13 Jan Fall in PSA Best Predictor of Mortality After Prostate Cancer Treatment
MedicalResearch.com Interview with:
MedicalResearch.com: What is the background for this study? What are the main findings?
Response: Clinical trials in early prostate cancer take more than a decade to report on.
Multiple early reporting endpoints have been proposed, but which one is best, remains unknown, until now. Of all the possible early endpoints examined, to date, how low a PSA blood test falls to, after treatment with radiation and hormonal therapy, appears to be the best, specifically, if the PSA doesn’t get below half a point, that patient is very likely to die of prostate cancer if given standard treatment for recurrence.
Those men deserve prompt enrollment on clinical trials in order to properly save their life.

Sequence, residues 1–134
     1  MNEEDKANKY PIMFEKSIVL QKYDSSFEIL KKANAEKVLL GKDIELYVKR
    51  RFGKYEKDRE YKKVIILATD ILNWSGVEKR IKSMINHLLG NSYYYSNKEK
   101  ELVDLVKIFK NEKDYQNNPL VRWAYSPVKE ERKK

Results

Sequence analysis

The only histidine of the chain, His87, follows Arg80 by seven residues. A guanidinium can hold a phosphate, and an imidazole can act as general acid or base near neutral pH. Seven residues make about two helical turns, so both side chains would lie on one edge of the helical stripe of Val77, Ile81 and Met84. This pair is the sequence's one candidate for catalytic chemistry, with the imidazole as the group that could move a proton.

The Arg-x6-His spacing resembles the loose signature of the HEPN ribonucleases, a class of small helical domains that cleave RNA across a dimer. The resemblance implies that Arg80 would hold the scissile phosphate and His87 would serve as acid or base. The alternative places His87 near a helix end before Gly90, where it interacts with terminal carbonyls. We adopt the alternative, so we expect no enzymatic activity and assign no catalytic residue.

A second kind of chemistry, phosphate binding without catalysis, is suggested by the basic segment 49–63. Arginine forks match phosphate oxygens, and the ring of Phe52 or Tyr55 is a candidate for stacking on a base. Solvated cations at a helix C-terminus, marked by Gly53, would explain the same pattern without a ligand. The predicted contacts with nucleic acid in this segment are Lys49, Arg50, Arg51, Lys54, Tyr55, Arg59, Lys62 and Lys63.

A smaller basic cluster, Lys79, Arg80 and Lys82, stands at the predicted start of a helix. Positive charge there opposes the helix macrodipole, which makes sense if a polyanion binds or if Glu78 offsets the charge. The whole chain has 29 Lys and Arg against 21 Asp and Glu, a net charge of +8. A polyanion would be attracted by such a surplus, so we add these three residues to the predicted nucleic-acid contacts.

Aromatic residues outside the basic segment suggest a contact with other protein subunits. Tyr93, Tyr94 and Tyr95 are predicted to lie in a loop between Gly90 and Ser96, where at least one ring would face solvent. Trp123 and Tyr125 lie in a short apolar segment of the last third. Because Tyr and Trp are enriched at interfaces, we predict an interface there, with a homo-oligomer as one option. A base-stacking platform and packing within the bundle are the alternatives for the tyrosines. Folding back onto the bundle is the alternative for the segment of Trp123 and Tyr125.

MedicalResearch.com: What should readers take away from your report?
Response: This study’s results can have practice changing implications on how future prostate cancer trials are designed in terms of identifying the men for these studies who are at high risk for early death due to ineffective initial treatment for their prostate cancer.
MedicalResearch.com: What recommendations do you have for future research as a result of this study?
Response: This newly defined endpoint, based on the PSA blood test, can be used to promptly enroll men today on clinical trials whose hope is to take a prostate cancer that appears to be aggressive and incurable and make it curable.
MedicalResearch.com: Thank you for your contribution to the MedicalResearch.com community.
Royce TJ, Chen M, Wu J, Loffredo M, Renshaw AA, Kantoff PW, D’Amico AV. Surrogate End Points for All-Cause Mortality in Men With Localized Unfavorable-Risk Prostate Cancer Treated With Radiation Therapy vs Radiation Therapy Plus Androgen Deprivation TherapyA Secondary Analysis of a Randomized Clinical Trial. JAMA Oncol. Published online January 12, 2017. doi:10.1001/jamaoncol.2016.5983
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